Updated: June 21, 2017 12:33:59 pm
In Prakash Mehra’s Zanjeer, a 1973 sleeper hit that sent Amitabh Bachchan aka Vijay exploding away on Hindi cinema screens, Iftekhar – Bollywood’s favourite cop of the 1960-70s – plays (no prizes for guessing) police commissioner Singh. To give some context, the year 1973 had seen far bigger hits in Rishi Kapoor-Dimple Kapadia’s Bobby, Rajesh Khanna-Sharmila Tagore’s Daag and Dharmendra-Hema Malini’s Jugnu. When he meets the new inspector – Amitabh Bachchan as Vijay Khanna – immediately after the opening credits, he throws around some figures to emphasise Vijay’s reputation in the police department as a brutally honest, if somewhat eccentric cop with extrajudicial method of dealing with crime. 5 years. That’s how long Vijay has spent in the force. 11 transfers. “And, you haven’t lasted more than six months in any police station,” Commissioner Singh confronts a stern-faced Vijay, going further to remind him that though he’s heard that Vijay is upright he’s not without his weakness. What could be Vijay’s Achilles heel? In Singh’s telling, the disaffected new officer considers every criminal his “personal enemy” and that sometimes, he operates outside the legal circle to dish out justice.
But before we look at Zanjeer and what it did to the then “failed newcomer” (in the words of the superstar himself) Amitabh Bachchan’s fledging career, we must throw around some of our own figures. 30. That’s how old Bachchan was when signed up for Zanjeer. 12. That’s the number of flops he gave before Zanjeer, save Anand and Bombay To Goa – the two crucial early films that helped him break into a film industry nearly monopolised by the then-superstar Rajesh Khanna. 3. The number of stars who turned down Zanjeer, a potentially ground-breaking script by Salim-Javed at a time when romance was the genre de rigueur. According to director Prakash Mehra, Zanjeer’s script was first owned by Dharmendra, and in fact, the film was even announced with Dharmendra and Mumtaz in the lead. But Dharmendra got busy with other films and kept Zanjeer on hold. Finally, frustrated with all the waiting and watching, Mehra came to an understanding with Dharmendra and the two parted ways amicably. Prakash Mehra had seen Dev Anand’s Kala Pani and offered him Zanjeer, but Salim-Javed felt it would have been a casting disaster. And rightly so. Moreover, Dev Anand, regarded as a debonair romantic hero, wanted the intense character of Vijay who doesn’t even smile (Pran had to break into Yaari Hai just to make him smile) to sing a few songs. Third choice: Raaj Kumar. He loved the script but, apparently, told Mehra, “I was once an inspector in Mahim. But for this film, you do the shooting in Madras!” The film was based in Bombay and Mehra was not keen to shift the action to another city. Raaj Kumar was out. Finally, Mumtaz, too, opted out preferring marriage over career.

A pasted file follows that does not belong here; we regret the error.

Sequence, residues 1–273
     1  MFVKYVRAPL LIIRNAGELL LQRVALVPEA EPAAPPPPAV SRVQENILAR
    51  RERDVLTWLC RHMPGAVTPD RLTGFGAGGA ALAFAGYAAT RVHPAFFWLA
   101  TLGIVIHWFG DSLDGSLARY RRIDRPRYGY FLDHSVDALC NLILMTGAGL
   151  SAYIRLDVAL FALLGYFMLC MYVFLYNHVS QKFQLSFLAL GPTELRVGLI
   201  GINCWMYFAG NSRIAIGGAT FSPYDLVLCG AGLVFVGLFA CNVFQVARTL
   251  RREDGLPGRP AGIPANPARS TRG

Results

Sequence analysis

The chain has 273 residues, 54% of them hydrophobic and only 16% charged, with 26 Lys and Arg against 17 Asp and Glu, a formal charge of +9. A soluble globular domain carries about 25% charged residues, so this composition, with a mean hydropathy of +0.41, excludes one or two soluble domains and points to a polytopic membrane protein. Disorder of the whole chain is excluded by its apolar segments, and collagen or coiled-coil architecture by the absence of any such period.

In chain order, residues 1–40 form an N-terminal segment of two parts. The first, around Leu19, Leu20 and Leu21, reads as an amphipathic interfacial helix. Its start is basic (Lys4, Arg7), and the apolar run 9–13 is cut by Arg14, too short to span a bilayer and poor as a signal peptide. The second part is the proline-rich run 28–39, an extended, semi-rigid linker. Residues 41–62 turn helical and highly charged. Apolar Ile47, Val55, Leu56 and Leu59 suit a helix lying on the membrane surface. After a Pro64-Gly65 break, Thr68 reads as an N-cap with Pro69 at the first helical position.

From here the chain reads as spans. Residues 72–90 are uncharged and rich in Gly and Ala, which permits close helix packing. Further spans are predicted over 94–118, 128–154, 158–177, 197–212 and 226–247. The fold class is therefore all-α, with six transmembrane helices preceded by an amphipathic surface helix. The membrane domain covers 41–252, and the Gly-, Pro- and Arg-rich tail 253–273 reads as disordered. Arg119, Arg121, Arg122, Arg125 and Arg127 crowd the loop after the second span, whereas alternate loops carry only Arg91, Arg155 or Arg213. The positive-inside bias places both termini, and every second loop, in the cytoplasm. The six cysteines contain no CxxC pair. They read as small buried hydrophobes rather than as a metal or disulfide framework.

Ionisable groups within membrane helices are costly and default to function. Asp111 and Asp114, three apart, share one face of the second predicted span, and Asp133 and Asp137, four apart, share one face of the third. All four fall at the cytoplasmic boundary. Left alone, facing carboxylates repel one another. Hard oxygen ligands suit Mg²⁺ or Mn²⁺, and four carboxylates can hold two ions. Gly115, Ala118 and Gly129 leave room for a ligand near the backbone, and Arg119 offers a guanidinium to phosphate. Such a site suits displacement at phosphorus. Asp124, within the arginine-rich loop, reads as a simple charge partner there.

And so, Amitabh Bachchan, the last man standing and the last choice, was fatefully cast in Zanjeer. Luckily, it seems the lanky struggler not only had Salim-Javed’s professional endorsement but also colleagues Pran, Om Prakash and Ajit rooting for him. Zanjeer would become a foundation stone film for Bachchan. Talking about it, Big B has often pointed out that Salim-Javed were close to Rajesh Khanna in the 70s and could have easily persuaded the King of Romance for Zanjeer. But Salim-Javed, more than betting their money on Amitabh Bachchan, were simply committed to the cause of their script. “We strongly felt that Amitabh was the ideal casting for Zanjeer,” Salim Khan has repeatedly maintained in various interviews. He went on to add, “Even in Deewaar, Rajesh Khanna was signed by Gulshan Rai (producer), but we felt Amitabh was perfect for it. We insisted on him.”
Salim-Javed had seen Bachchan in Bombay To Goa, in which the future superstar was rubbing shoulders with more established names like Shatrughan Sinha, Mehmood, Aruna Irani and Kishore Kumar. Years later, Bachchan recalled the fight sequence in Bombay To Goa that landed him Zanjeer. “Salim-Javed saw a fight sequence in Bombay to Goa where I was chewing gum throughout the fight, as an indicator that I would be the right choice for Zanjeer.”
Luck, of course, was in favour of the gum-chewing dark horse. When Mumtaz opted out, Jaya Bhaduri agreed to play a small but crucial role as Big B’s love interest. They were dating at the time and she said yes instantly for the sake of her future husband. The story of Zanjeer, in some ways, is also the story of Amitabh and Jaya Bachchan. As in the film, she became his acerbic-tongued, knife-sharpened (pun intended) life partner who speaks her mind freely. Like in the film, she remained firmly in the shadows of Bachchan while the star conquered one milestone after another. Like her screen character Mala, Jaya has retained her sharp edge and original feisty voice.